Vegawatt Cogeneration System Powers Restaurants with Waste Vegetable Oil
James Peret, President & CEO of Owl Power Company, located in Boylston, MA, developed VegawattTM , an on-site energy-savings device that uses waste vegetable oil from restaurants to generate electricity and hot water for those very same restaurants. Depending on its configuration, a Vegawatt device can process from 30 gallons of waste vegetable oil per week up to as many as 120 gallons per week.
Rather than disposing of waste vegetable oil in a dumpster behind the restaurant, workers simply deposit the used oil into the Vegawatt device. The Vegawatt system, about the size of a two-door refrigerator, contains both a turn-key waste vegetable oil refinery and power-generation equipment - everything needed to transform the oil into electricity and offset the restaurant's energy costs. And the radiator associated with the generator engine produces heat that's used to provide the restaurant with hot water, to offset water heating costs as well. The French-fry bits and other food particles contained in the oil that's deposited into the system are filtered out at the end of the day for disposal in a standard solid waste receptacle.
Peret notes that his cogeneration Vegawatt system has "extremely high efficiency" in that it captures about 90% of the energy contained in the vegetable oil. He also clarifies that his company does not make biodiesel, a process that requires adding chemicals to vegetable oil and creates waste products. Instead, he opted for the alternative approach of modifying the engine mechanically so the oil functions as an energy source "just in the form of vegetable oil," rather than modifying the oil so that it works in the engine, as is the case with biodiesel. The result is a much cheaper and more efficient way to generate power from vegetable oil. And because the Vegawatt is attached to the restaurant, there's always a hot water loop, and the diesel engine, "which loves to get turned on, be supplied an infinite amount of fuel, and then run forever," is able to do just that.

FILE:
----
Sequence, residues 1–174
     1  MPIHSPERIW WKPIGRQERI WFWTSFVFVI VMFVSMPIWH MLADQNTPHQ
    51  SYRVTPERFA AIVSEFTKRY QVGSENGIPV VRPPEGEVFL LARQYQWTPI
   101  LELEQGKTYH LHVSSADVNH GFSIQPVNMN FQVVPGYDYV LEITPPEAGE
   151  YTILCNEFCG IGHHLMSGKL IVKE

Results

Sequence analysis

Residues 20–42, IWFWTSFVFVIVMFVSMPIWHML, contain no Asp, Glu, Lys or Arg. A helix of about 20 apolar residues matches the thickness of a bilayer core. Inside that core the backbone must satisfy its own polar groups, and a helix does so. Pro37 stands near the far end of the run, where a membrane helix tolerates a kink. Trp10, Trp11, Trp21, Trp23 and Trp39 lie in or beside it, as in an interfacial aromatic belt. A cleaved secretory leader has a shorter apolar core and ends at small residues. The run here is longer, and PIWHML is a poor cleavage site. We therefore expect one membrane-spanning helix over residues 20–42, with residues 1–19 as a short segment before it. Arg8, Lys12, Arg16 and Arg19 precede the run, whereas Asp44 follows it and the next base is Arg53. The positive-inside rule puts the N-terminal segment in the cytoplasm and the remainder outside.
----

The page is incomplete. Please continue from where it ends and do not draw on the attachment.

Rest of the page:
Currently, Owl Power Company has 22 Vegawatt devices installed and operating at restaurants, most located in the Northeast, with one in California and two in the United Kingdom. Each restaurant has a maintenance & service agreement with the company, and Peret has found that those agreements can be implemented more efficiently and effectively with the use of a HOBO U30 web-based monitoring system from Onset.
Previously, when a Vegawatt customer would call to say that the device had mysteriously shut down, a team would be sent out to diagnose the problem, try to reconstruct what had caused it in the first place, and fix it. Given the difficulty of reconstructing events, Peret was looking for "a data recording solution that would allow us just to capture what was going on and basically be able to not have to reconstruct or diagnose things, but actually see it there in the data." The web-based HOBO U30 not only provides the needed data, but also makes them available from the Internet in real time, making it, as Peret notes, "more than just data recording; it's data reporting."
The HOBO U30 systems that Peret has in place measure about 10 parameters, including various temperatures and pressures, the flow rate of hot water going through the system, and the amount of electricity being provided. They track every five minutes and report every hour. Now, rather than wait for the customer to call, the company can literally look at the data stream and decide if a technician needs to be dispatched to perform whatever service might be necessary. In fact Peret reports that recently, in response to some parameters that were causing a bit of concern, a technician was dispatched to adjust a Vegawatt device that hadn't yet even shown any signs of problems but was still "chugging along very happily" as far as the restaurant owner was concerned.